Drift, a timber-and-steel pedestrian bridge by designer Volkan Alkanoglu, has been completed and will be installed in Fort Worth, TX in Summer 2021. Fabricated off site with a projected installation time of just a few hours, Drift is an innovative example of plug-and-play urbanism, an emerging sustainable and affordable design strategy that proposes building infrastructural elements off site and dropping them into place.
Commissioned by the City of Fort Worth’s Public Art Program, Drift straddles public art, civic design, architecture, and infrastructure. On one hand, it is a community-driven, site-specific project created to bridge a physical divide—a creek—between two halves of one neighborhood and their respective park systems. On the other, the fabrication and installation techniques employed can be applied to a wide range of communities and use cases.
Alkanoglu began conceptualizing Drift in response to a brief from Fort Worth Public Art for a pedestrian bridge spanning a creek in the South Hills residential neighborhood of Fort Worth that would enhance connectivity of the many communities along the Trinity River Trail System. Historically, there had been no place to cross the 80-foot-wide culvert for seven blocks. Alkanoglu implemented three central design principles: 1) Use sustainable material and minimize impact on natural habitat on site; 2) Reduce project cost through innovative design and project logistics; 3) Create a sense of place and connect the community. The budget was $375,000—a fairly slim sum for an infrastructure project of this scale.
Alkanoglu’s design for Drift, which was selected among three finalist proposals, drew initial inspiration from the Westcreek site and its immediate surroundings. Depending on the season, the creek bed shifts from a container for flowing water to a dry basin filled with driftwood and felled plants. This process of transformation—and the driftwood and plant life that reflect it—drove the bridge’s material palette and form. The mid-century modern ranch style homes that fill the neighborhoods on either side of the creek also offered fodder. Drawing a line between the bridge and the neighborhoods’ dominant architecture, Alkanoglu looked to molded plywood innovations, such as Ray and Charles Eames’ leg splint, made during the same era as the homes.
The resulting 62-foot-long bridge resembles a smooth, curving branch of driftwood or a bowed bentwood splint, arcing over the creek and providing pedestrian connectivity between two parts of a neighborhood. From other angles it refers loosely to the hull of a ship, with a convex underbelly and a concave hull containing a pathway, benches, and railings. Uniquely, these elements are all built into a single form, where irregular undulations and curves are engineered for sitting and support. This innovation also draws inspiration from Eames’ splint, “where every function occurs within a single figure,” explains Alkanoglu. Embedding the benches was a means of placemaking for Alkanoglu. With them, Drift becomes a space for contemplation, recreation, and communing, rather than just a thruway or wayfinding mechanism.
While Alkanoglu originally envisioned fabricating the bridge solely from cross-laminated timber, budgetary constraints encouraged a different but equally innovative strategy. Taking a cue from shipbuilding techniques, he and a team of engineers began with a steel armature, but veered away from tradition by cladding it with CNC-cut and flip-milled timber planks—a product of computational design. In this way, each plank is custom cut, then stack-laminated into one large, volumetric, undulating form.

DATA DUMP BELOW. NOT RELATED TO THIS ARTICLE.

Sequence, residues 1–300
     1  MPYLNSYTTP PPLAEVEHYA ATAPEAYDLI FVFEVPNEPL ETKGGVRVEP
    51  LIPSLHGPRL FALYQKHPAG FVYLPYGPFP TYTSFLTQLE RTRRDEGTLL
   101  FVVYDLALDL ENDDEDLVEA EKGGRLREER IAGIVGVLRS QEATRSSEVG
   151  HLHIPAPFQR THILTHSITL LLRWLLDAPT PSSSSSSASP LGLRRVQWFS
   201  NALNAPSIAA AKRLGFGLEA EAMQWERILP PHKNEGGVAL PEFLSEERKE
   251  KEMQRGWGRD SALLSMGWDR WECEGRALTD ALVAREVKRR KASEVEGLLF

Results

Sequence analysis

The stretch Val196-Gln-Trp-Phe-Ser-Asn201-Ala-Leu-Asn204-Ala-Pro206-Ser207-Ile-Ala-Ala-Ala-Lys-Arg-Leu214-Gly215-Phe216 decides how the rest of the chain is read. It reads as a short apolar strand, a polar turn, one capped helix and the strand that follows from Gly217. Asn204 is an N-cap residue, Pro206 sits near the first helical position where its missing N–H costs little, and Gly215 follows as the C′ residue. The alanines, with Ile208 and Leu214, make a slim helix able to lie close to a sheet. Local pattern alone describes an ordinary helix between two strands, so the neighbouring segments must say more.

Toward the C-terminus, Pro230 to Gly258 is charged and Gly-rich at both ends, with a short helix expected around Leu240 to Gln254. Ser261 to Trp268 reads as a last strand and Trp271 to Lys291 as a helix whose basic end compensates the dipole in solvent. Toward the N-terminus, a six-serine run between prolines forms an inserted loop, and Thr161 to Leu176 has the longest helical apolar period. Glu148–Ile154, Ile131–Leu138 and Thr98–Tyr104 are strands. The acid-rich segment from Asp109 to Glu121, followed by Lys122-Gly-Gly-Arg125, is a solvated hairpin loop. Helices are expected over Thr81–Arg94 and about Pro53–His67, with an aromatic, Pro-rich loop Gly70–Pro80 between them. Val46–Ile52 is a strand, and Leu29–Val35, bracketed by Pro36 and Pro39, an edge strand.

This technique accommodated the bridge’s unique, undulating form and met the designer and client’s shared interest in sustainable design strategies. A renewable resource available through sustainable forest management programs, wood is one of the most efficient and ecological building materials. The use of flip-milled planks also supported Alkanoglu’s interest in plug-and-play urbanism. “In this way, the bridge could be fabricated off site, transported to the location by any oversize truck as one piece, and lifted into place with a crane,” he says. “Our cities urgently need upgrades on all levels, and plug-and-play urbanism is an economically feasible way to produce mid-scale infrastructure offsite and deliver it to its urban context. We can leverage advancements in computational design to be efficient and innovative.”
This process reduces on-site installation time and greatly minimizes disruption to the surrounding community and impact on the creek habitat’s natural vegetation. Additionally, Alkanoglu paired the craned-in bridge with low impact piers on either side of the bank, and a rip-rap drainage system to create minimum footprints for the bridge foundation. “While stitching the urban neighborhood fabric back together, Drift also offers social and ecological opportunities for the local community through use of sustainable principles, which can alter our collective understanding of the built environment,” says Alkanoglu.
While Drift is Alkanoglu’s first infrastructure project, it connects to the designer’s ongoing engagement with civic design. “Drift connects back to past projects like Public Figure and CloudScape—they’re very expressive figures, but they can all be occupied or engaged with,” he explains. “I’m interested in what these pieces can do in a social setting. Embedded in my work is always the hope that design can enhance how we interact, support and communicate with each other.”